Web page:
What Did Guy Fawkes Do and Why?
With his powerful build, stunning mustache, and thick reddish-brown hair and beard, Fawkes had developed into a handsome man. His European countrymen gave him the following glowing reviews:
“A man of profound piety, of exemplary temperance, of calm and cheery demeanor, an adversary of broils and disagreements, a trustworthy friend, and noteworthy for his constant attendance upon religious observance,” according to the citation. These are titles all people should strive for.
When Guy Fawkes met Thomas Wintour in Spain, however, his future took a tragic turn. In order to join a network of Catholic assassins operating out of England and directed by his cousin Robert Catesby, Wintour was looking for partners. Devout Fawkes was the ideal partner—brave and clever. In 1604, after James I’s accession to the throne, the two men returned to England.
Catholics all around the nation had thought that the long-lasting religious persecution would come to an end with the new reign.
After all, Mary, Queen of Scots, the King’s mother, had been an ardent Catholic. However, they were quickly let down because James I, a Protestant, wasn’t a tolerant ruler. Guy Fawkes was now a member of the conspiracy, and they made a radical decision.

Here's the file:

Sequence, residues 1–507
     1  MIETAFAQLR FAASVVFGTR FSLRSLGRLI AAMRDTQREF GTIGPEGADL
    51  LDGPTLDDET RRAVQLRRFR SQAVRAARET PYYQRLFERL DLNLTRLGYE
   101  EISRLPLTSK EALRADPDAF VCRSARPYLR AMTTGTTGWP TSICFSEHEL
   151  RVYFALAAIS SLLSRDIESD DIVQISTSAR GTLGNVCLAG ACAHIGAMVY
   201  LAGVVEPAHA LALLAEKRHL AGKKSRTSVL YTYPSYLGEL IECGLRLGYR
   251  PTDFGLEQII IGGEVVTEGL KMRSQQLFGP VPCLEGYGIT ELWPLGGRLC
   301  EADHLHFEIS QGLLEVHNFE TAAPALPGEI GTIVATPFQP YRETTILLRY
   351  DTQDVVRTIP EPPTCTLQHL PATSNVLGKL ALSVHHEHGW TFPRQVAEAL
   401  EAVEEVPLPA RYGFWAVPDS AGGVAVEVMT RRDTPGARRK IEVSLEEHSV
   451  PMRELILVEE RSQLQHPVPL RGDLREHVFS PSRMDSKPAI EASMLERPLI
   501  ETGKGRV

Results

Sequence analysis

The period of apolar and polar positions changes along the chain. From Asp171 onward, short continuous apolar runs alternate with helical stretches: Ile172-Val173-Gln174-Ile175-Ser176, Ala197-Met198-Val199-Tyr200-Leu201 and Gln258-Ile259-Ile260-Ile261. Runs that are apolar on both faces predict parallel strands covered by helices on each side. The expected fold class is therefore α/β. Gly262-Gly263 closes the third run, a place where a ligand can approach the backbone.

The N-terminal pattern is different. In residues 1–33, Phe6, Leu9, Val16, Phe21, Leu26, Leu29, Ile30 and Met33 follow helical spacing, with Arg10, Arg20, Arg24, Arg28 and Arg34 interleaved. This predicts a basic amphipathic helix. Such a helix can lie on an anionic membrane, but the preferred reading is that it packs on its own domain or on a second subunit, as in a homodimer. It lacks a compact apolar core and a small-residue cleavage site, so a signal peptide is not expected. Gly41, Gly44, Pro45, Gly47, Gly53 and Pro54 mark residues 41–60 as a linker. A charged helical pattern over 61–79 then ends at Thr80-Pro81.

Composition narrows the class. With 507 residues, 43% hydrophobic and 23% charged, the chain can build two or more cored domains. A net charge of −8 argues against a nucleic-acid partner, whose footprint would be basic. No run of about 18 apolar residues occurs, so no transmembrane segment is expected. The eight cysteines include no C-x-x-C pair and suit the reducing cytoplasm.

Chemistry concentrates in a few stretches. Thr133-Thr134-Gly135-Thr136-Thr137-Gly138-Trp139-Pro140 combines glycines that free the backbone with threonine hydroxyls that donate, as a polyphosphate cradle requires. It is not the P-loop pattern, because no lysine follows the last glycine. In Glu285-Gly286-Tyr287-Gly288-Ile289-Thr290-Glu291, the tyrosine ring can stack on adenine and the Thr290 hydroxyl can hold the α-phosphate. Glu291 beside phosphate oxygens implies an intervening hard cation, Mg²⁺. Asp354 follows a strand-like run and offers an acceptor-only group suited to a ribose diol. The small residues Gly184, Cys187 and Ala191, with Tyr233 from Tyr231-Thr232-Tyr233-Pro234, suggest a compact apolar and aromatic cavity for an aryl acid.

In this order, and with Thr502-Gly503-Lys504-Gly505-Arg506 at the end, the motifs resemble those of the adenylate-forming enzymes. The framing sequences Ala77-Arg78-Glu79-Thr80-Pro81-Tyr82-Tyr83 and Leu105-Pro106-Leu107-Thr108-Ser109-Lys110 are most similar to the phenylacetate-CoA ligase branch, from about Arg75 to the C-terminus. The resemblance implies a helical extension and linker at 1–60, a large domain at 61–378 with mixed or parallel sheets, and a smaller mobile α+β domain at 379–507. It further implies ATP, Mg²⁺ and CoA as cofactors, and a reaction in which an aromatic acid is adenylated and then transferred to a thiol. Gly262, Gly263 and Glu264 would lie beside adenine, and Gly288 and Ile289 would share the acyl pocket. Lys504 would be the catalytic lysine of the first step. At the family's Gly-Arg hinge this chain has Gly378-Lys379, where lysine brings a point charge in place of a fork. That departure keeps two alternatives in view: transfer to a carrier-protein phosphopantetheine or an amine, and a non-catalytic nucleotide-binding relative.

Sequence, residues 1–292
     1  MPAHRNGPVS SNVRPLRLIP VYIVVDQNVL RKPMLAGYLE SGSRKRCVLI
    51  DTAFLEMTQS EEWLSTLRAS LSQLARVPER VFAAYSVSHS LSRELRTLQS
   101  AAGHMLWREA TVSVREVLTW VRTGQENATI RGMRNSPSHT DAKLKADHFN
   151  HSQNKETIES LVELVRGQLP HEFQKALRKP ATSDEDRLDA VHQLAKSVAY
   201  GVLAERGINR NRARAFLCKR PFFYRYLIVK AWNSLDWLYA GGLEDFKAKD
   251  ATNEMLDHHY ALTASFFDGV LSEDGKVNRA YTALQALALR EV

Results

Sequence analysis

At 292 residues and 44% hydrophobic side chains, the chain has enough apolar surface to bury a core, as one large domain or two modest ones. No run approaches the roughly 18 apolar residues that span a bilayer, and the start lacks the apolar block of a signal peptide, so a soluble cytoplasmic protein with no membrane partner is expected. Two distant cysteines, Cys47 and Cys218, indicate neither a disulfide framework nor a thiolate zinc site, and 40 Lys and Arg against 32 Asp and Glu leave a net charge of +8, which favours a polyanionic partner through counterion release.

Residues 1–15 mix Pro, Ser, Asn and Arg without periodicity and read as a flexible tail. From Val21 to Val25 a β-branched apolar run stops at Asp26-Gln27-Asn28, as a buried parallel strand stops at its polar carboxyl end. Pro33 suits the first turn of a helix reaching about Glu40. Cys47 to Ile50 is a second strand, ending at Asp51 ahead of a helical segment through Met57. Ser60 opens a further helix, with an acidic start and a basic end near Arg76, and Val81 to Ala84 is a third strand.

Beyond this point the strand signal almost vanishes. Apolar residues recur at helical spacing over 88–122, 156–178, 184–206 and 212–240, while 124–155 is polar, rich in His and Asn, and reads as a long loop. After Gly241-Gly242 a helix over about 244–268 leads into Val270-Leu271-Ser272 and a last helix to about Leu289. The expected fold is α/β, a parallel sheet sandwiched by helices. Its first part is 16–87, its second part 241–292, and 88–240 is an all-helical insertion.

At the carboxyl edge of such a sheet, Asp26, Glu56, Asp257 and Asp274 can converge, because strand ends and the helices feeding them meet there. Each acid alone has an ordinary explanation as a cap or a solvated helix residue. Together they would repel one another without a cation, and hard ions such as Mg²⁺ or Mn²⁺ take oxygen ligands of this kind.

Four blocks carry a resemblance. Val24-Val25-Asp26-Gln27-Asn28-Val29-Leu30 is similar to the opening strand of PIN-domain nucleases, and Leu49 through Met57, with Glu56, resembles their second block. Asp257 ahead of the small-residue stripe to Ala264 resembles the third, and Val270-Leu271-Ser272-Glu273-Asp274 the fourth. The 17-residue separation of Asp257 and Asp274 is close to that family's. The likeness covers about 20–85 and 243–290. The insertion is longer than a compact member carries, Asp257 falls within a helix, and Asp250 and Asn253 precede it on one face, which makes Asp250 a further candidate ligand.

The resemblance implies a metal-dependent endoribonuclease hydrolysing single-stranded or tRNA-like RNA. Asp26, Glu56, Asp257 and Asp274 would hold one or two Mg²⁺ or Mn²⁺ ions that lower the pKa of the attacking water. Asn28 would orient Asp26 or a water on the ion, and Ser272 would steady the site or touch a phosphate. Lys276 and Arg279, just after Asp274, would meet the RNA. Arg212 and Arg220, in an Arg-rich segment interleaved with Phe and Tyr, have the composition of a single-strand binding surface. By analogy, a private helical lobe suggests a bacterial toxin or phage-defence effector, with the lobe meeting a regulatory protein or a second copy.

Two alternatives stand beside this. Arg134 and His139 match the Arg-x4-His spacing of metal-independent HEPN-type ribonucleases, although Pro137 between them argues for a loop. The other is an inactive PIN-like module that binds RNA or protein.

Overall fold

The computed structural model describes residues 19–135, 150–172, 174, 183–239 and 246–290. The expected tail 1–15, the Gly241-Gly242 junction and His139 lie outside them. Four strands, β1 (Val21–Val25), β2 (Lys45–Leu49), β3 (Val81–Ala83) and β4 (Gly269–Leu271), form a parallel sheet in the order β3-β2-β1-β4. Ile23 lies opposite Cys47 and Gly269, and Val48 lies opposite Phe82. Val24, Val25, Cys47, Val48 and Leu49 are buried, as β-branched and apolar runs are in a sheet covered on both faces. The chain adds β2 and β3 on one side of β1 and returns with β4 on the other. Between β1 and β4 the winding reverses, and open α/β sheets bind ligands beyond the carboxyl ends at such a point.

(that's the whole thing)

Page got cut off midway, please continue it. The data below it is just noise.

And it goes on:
Catesby intended to kill James I, the Queen, and his heir while they were all there at the State Opening of Parliament on November 5 by blowing it up. The plan then was to crown Princess Elizabeth, the King’s young daughter.
The conspirators included Fawkes, his cousins Catesby and Wintour, Wintour’s brother Robert, their brother-in-law John Grant, Francis Tresham, Catesby’s second cousin, Thomas Bates, Fawkes’ former classmates John Wright and Christopher, their brother-in-law Thomas Percy, Everard Digby, Ambrose Rookwood, and Robert Keyes.